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ant to me; and, next, that you will do my wife | very I have to make should be public, and before the honour to go home with her, and me the fa- a number of witnesses—she must be made as vour to use that power, you have with her, in our infamous as she is guilty. reconcilement.
Free. Well, I am your man at any mad work; Eliz. That, I dare promise, sir, will be no hard so here's my service to you—but I must now go matter. Your servant. [Ereunt Varnish and look a little after my charge; I have disposed LETTICE.)-Well
, cousin, this I confess was a of him in the next room, with lord Plausible, reasonable hypocrisy; you were the better for it. and Mr. Novel, who have been here to day, at Oliv. What hypocrisy?
the expence of a young Creole, at a turtle feast. Ehz. Why, this last deceit of your husband Man. Go your ways, then, I won't detain you; was lawful, since in your own defence.
but, I say, you know Olivia's house, and will be Oliv. What deceit? I would have you to know sure not to let slip the hour. I never deceived my husband.
Free. I warrant you. Eliz. You do not understand me: I say this Man. And come straight up to her chamber, was an honest come off, and a good one. But without more ado; and bring your charge, and what sort of a gallant must this be, who could so my fellow Oakum, and whoever else you please; dexterously pass himself for a woman?
the greater your company the better. 'Here, Oliv. What do you inean by a gallant, and take the watch—Tis now five o'clock, and at passing for a woman?
half an hour after seven preciselyEliz. What do you mean? You see your hus- Free. You need not doubt my diligence; I am band took him for a woman.
an old blood, and can naturally beat up a wench's Oliv. Whom?
quarters that won't be civil to my friend-Shan't Eliz. Hey-day! why the man he found with we break her windows, too? you; for whom, last night, you were so much Man. No, no; be punctual only. afraid; and who you told ine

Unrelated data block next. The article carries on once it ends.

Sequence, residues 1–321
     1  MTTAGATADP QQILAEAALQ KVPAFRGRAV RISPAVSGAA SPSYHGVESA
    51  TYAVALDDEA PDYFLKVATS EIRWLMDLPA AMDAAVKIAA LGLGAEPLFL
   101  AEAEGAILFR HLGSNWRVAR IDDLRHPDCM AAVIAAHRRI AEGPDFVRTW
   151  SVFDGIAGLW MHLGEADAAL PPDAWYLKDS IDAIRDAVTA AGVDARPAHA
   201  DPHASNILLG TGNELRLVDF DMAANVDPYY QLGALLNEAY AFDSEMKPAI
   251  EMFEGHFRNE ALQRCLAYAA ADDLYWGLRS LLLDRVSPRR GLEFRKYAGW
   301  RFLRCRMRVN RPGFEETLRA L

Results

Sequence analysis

[Exit FREEMAN. Oliv. Lord, you rave sure !
Enter VARNISH. Eliz. Why, you did not tell me last night ?
Oliv. I know not what I might tell you last How Nay, here's a friend indeed! And he, night in a fright.
that has him in his arms, can know no wants. Eliz. Ay, what was that fright for ? -For a Var. Dear sir! and he, that is in your armıs, woman !- Fie, this fooling is insipid, 'tis offen- is secure from all fears whatever: nay, our nasive.
tion is secure by your defeat at sea; and the Oliv, And fooling with my honour will be more French, that fought against you, have proved eneoffensive. Did you not hear my husband say— mies to themselves only, in bringing you back to us.
Eliz. Come, you need not fear, I'll keep your Man. Fie, fie-this from a friend? And yet, secret.
from any other 'twere insufferable. I thought I Oliv. My secret! I'd have you to know, I should never have taken any thing ill from you. have no need of confidantes, though you value Var. A friend's privilege is to speak his mind, yourself on being a good one,
though it be ill taken. Eliz. Adinirable confidence !
Man. But your tongue need not tell me you Oliv. Contidence! Is this language to me? think too well of me ; Ï bave found it from your Nay, then, I'll never see your face again! Let- heart, which spoke in actions, your unalterable tice, where are you? Let us be gone from this heart. But Olivia is false, my friend; which I censorious, ill woman.
[Exit Uliv. suppose is no news to you. Eliz. Your very humble servant, my sweet, Var. Why, no—it is not. good cousin !
(Erit. Man. But could not you keep her true to me? SCENE II.-A Tavern.
Var. Not for my life, sir. Manly and FREEEMAN discovered, drinking at before I went? Could she so deceive us hoth ?
Man. But could you not perceive it at all a table.
Var. I must confess, the first time I knew it, Free. What, then, you were going to her was three days after your departure, when she yesterday evening ?
received the money you had left in Fleet-street, Man. I did, as I tell you, intend it; but, in her name; and her fears, it seems, did not being detained on the way by an old ship-mate, binder her from counting it. You must trust just as I had got to the corner of the street, 1 ber with all, like a true, generous lover ! met the volunteer, breathless, and almost fright- Man. And she, like a meani-ened out of his wits, who gave me this whimsi- Var. Jiltingcal relation of his adventure with her husband. Mlan. Traitorous
Free. Whimsical indeed! Damn it-the fel- l'ar. Baselow must be an ideot!
Man. Damned Mun. I am not sorry the affair has happened, Var. Mercenary strumpet ! however; for, upon second thoughts, the disco- Man. Ay, a mercenary strumpet, indeed! for